"Her case is cyclothymia, dating from the age of seven and a half. She is about thirty-three, speaks French fluently Her character is gay, sweet and ironic, but she has bursts of anger over nothing when she is confined to a straitjacket."
So wrote James Joyce in 1940, in a letter about his only daughter, Lucia. It is one of the few surviving contemporary portraits of her troubled life. Most other references to her have been lost. An attempt has been made to erase her from the pages of history.
We know she was the daughter of the famous writer. She was the lover of Samuel Beckett. She was a gifted dancer. From her late twenties she was treated for suspected schizophrenia - and repeatedly hospitalised. She spent the last thirty years of her life in an asylum.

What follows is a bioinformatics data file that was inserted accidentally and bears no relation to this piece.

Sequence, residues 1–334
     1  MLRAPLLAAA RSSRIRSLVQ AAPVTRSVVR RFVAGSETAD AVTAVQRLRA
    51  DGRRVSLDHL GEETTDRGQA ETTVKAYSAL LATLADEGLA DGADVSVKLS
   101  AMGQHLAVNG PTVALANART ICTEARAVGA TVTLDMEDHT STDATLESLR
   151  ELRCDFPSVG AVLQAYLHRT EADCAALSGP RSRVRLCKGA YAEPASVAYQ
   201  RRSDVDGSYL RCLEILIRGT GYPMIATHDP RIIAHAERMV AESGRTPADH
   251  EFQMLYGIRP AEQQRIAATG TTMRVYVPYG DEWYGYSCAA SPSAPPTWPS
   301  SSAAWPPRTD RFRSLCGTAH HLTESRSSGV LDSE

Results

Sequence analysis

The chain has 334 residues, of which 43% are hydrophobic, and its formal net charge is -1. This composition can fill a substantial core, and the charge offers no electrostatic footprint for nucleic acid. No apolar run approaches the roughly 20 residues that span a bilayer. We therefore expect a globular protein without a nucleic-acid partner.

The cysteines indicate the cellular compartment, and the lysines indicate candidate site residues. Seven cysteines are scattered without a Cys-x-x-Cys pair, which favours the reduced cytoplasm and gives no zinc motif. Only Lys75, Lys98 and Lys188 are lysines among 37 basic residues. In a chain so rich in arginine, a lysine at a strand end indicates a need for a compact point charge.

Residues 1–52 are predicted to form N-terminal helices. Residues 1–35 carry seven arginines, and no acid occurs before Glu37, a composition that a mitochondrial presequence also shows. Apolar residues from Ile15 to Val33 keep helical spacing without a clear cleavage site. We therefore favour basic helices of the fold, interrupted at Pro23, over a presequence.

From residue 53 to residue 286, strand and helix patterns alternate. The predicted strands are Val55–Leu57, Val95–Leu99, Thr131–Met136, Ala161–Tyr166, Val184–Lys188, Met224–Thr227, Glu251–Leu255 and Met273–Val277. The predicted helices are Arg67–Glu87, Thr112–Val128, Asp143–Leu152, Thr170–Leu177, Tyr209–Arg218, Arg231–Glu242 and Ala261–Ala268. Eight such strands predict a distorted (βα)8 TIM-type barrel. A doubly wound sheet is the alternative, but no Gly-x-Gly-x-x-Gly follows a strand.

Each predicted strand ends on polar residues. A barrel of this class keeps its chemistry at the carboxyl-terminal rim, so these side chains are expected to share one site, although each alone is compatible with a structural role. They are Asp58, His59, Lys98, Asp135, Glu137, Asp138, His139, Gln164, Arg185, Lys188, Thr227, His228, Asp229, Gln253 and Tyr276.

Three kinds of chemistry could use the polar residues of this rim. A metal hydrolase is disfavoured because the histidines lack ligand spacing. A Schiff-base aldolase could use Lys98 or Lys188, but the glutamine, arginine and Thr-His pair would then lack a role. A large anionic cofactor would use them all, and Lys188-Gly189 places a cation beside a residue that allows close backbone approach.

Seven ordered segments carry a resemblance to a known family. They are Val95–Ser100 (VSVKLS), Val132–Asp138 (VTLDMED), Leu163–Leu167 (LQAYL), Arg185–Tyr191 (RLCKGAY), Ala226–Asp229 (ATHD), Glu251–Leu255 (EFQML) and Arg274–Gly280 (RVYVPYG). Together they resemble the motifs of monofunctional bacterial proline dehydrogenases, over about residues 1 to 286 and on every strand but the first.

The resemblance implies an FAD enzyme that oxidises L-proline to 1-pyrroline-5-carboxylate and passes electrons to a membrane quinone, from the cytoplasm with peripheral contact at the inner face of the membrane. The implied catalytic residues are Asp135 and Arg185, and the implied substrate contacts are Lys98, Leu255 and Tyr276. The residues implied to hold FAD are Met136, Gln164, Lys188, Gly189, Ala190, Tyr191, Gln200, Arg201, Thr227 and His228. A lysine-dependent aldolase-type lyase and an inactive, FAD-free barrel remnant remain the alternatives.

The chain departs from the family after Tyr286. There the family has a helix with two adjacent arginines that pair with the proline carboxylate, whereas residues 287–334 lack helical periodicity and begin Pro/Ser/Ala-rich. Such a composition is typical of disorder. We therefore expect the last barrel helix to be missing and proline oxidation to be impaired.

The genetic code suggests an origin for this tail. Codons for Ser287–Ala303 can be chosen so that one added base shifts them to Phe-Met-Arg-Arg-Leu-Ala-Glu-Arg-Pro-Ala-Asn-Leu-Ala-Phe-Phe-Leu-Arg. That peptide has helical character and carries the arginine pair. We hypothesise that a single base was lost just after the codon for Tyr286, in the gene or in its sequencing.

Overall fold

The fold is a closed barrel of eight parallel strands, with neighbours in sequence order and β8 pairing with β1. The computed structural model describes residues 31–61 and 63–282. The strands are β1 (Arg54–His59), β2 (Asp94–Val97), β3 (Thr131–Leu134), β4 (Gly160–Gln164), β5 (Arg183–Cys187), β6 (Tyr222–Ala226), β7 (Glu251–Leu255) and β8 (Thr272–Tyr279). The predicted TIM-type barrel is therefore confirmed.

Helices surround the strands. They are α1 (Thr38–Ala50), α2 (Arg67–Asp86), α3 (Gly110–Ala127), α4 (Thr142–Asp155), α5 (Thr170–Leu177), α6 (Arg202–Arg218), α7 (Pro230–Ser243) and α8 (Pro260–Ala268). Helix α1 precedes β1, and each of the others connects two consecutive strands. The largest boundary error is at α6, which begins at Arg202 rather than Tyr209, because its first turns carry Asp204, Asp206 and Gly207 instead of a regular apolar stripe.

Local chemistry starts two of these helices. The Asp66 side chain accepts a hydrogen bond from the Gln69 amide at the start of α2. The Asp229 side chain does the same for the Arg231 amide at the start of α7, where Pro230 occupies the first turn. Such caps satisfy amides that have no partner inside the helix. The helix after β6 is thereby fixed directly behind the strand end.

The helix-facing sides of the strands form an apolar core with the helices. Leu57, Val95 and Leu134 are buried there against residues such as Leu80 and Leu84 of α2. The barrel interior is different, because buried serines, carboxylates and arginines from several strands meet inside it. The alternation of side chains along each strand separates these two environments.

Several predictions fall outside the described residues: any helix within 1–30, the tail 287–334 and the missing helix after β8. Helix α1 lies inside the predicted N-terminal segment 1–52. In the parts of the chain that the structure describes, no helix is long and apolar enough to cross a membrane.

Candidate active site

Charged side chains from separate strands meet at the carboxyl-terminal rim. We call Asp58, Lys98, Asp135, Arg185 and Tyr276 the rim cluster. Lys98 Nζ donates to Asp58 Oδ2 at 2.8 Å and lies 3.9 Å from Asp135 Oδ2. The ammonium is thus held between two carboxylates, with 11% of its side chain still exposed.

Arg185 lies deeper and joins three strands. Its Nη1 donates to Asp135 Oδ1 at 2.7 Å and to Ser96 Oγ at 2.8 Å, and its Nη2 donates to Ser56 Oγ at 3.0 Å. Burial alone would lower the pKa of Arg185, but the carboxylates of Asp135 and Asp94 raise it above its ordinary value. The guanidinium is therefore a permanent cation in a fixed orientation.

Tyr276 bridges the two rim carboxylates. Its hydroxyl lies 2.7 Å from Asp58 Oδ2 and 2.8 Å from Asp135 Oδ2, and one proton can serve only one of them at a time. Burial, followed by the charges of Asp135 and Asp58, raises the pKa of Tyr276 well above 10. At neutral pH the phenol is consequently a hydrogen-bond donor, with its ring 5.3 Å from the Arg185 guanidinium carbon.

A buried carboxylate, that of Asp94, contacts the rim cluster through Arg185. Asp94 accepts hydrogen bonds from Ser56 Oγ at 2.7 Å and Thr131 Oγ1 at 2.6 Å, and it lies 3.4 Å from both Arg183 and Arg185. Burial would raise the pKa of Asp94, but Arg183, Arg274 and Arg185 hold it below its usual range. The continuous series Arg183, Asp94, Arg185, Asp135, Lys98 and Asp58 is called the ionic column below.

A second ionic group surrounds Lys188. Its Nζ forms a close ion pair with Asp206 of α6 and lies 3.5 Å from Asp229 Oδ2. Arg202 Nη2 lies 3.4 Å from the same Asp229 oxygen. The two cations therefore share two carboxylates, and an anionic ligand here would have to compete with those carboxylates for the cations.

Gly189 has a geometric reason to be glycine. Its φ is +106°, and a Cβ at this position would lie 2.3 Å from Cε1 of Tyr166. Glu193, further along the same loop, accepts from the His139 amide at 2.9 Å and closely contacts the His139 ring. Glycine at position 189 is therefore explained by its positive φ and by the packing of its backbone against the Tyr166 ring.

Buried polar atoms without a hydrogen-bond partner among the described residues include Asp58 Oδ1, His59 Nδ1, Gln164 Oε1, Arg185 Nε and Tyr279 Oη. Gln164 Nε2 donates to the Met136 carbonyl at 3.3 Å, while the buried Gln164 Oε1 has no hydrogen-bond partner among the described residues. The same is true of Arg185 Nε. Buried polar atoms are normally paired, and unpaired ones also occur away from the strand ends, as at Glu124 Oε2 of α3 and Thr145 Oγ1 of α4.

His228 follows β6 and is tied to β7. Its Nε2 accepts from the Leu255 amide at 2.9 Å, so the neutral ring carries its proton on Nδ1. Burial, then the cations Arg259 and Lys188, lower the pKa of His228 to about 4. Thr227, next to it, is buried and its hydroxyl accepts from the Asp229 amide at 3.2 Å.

And, after her death, her voice was silenced. Her letters were burned. Correspondence concerning her disappeared from the Joyce archive. Her story has been shrouded in mystery, the tomb door slammed behind her.
Alex Pheby's extraordinary new novel takes us inside that darkness. In sharp, cutting shards of narrative, Lucia evokes the things that may have been done to Lucia Joyce. And while it presents these stories in vivid and heart-breaking detail, it also questions what it means to recreate a life. It is not an attempt to speak for Lucia. Rather, it is an act of empathy and contrition that constantly questions what it means to speak for other people.
Lucia is intellectually uncompromising. Lucia is emotionally devastating. Lucia is unlike anything anyone else has ever written.